Another day, another exoneration for climate scientists. Here’s the Guardian‘s headline on the findings of the inquiry panel, which was led by Lord Oxburgh, the former chair of the House of Lords science and technology select committee:
Scientists cleared of malpractice in UEA’s hacked emails inquiry
Researchers ‘dedicated if slightly disorganised’, but basic science was fair, finds inquiry commissioned by university
Scientists who are “slightly disorganised”? Off with their heads! (see “Sen. Inhofe inquisition seeking ways to criminalize and prosecute 17 leading climate scientists“)
Last month, the House of Commons exonerated Phil Jones: Based on their inquiry and evidence, “the scientific reputation of Professor Jones and CRU remains intact. We have found no reason … to challenge the scientific consensus … that ‘global warming is happening [and] that it is induced by human activity’.”
This is a busy day for me, so I’ll just repost BigCityLib on the latest exoneration:
Story about Lord Oxburgh’s inquiry into CRU practices here. Some excerpts:
The scientists at the centre of the row over the hacked climate emails have been cleared of any deliberate malpractice by the second of three inquiries into their conduct.…
The report concluded: “We saw no evidence of any deliberate scientific malpractice in any of the work of the Climatic Research Unit and had it been there we believe that it is likely that we would have detected it. Rather we found a small group of dedicated if slightly disorganised researchers who were ill-prepared for being the focus of public attention. As with many small research groups their internal procedures were rather informal.”
… The panel was not tasked specifically with looking at the way CRU handled access to its data and Freedom of Information requests from members of the public but it commented that there were “a host of important unresolved questions” arising from the application of FoI to academic research. “We agree with the CRU view that the authority for releasing unpublished raw data to third parties should stay with those who collected it,” the report said. It did criticised the government’s policy of charging for access to data. “This is unfortunate and seems inconsistent with policies of open access to data promoted elsewhere in government.”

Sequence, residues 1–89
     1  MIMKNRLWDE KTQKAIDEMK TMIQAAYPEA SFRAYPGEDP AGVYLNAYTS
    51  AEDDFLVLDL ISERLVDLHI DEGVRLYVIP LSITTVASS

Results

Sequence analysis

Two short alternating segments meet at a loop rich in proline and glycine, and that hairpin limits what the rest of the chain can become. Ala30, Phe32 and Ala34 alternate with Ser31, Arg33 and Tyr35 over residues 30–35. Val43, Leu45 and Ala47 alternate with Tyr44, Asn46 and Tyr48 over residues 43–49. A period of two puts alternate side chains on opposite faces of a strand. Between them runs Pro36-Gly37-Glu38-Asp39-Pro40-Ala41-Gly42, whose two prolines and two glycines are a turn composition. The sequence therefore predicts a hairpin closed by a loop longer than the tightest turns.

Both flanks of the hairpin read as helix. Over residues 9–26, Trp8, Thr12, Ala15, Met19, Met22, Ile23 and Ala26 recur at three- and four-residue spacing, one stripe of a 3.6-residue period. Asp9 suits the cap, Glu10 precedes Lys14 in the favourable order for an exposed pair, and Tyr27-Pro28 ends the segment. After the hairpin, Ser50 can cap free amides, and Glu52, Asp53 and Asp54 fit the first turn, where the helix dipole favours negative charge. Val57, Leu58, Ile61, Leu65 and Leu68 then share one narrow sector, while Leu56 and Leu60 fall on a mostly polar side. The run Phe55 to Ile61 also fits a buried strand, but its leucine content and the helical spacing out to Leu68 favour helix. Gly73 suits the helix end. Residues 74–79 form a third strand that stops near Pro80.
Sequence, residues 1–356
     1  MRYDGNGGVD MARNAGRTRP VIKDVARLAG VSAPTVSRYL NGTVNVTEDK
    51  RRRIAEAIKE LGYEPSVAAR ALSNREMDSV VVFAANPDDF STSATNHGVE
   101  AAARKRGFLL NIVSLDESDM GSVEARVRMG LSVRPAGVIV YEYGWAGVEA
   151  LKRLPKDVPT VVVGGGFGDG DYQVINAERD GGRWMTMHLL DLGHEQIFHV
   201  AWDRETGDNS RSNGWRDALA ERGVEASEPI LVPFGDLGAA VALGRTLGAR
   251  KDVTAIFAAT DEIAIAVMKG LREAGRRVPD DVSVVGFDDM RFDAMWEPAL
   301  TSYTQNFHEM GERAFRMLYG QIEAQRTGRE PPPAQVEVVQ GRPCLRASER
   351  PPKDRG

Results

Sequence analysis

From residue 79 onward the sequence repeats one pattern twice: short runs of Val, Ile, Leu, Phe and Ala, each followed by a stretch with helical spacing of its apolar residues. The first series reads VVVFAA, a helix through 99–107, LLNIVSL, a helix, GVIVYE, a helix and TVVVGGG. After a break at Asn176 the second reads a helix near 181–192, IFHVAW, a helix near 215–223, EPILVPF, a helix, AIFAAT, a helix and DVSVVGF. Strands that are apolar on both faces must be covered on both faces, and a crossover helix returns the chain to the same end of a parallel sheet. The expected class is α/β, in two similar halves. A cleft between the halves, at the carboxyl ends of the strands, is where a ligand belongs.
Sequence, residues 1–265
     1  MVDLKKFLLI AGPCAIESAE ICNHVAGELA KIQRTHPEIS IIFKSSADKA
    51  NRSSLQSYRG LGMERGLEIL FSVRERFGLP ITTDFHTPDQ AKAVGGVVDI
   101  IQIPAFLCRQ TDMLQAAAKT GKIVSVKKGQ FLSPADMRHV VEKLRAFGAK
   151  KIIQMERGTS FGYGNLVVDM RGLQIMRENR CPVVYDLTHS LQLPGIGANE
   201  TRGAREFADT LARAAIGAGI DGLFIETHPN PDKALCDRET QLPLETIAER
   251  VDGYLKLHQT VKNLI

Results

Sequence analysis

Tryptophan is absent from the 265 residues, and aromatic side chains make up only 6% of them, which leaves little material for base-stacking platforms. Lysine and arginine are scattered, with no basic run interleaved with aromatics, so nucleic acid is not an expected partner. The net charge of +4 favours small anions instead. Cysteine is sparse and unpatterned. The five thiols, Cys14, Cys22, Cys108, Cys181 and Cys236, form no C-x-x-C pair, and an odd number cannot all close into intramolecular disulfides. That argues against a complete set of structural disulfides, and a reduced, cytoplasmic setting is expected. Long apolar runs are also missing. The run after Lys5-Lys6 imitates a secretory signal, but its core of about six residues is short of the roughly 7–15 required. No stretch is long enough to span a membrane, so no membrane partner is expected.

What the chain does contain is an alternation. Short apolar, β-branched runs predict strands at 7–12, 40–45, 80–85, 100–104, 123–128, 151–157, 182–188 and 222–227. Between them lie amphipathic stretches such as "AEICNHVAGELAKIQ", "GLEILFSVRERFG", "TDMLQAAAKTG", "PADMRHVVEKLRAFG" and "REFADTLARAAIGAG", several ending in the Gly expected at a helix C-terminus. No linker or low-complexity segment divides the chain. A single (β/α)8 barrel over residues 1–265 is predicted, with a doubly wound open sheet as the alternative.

So, this puts Oxburgh’s panel at odds with the Parliamentary Inquiry, which seems to want the data handed out willy-nilly. Furthermore, a number of climate scientists have noted and expanded upon the issue raised in this last couple of (bolded) sentences, including James Annan:
Let me introduce you to the NERC policy on Intellectual Property. Short version: “Who owns the intellectual property? We do.” The UK Ministry of Defence (who run UK Met Office and therefore the Hadley Centre) is orders of magnitude worse in its defensive and bean-counting approach to the supply of, well, just about anything that they have and anyone else wants. The bottom line is (or certainly was, when I worked there) that NERC employees are under pressure to sell anything that can be sold. And if someone asks for something, that means it must surely be worth something, right? Of course this is an attitude that the scientists – who know that they can’t really get any significant price for their work – have always implacably opposed, but we don’t really count for much when the politicians are demanding budget cuts and percentage returns on investment.
There were some complaints about CRU’s statistical practices:
The panel did raise doubts about the statistical input into scientific papers authored by researchers at CRU. “We cannot help remarking that it is very surprising that research in an area that depends so heavily on statistical methods has not been carried out in close collaboration with professional statisticians,” it concluded.
…which the University of East Anglia responds to as follows:
The Report points out where things might have been done better. One is to engage more with professional statisticians in the analysis of data. Another, related, point is that more efficacious statistical techniques might have been employed in some instances (although it was pointed out that different methods may not have produced different results). Specialists in many areas of research acquire and develop the statistical skills pertinent to their own particular data analysis requirements. However, we do see the sense in engaging more fully with the wider statistics community to ensure that the most effective and up-to-date statistical techniques are adopted and will now consider further how best to achieve this.
But otherwise, a clean bill of health…. [T]he usual suspects … are, at this very moment (taking into account the Penn State investigation of Mann), batting 0-for-3.
The entire report can be read here.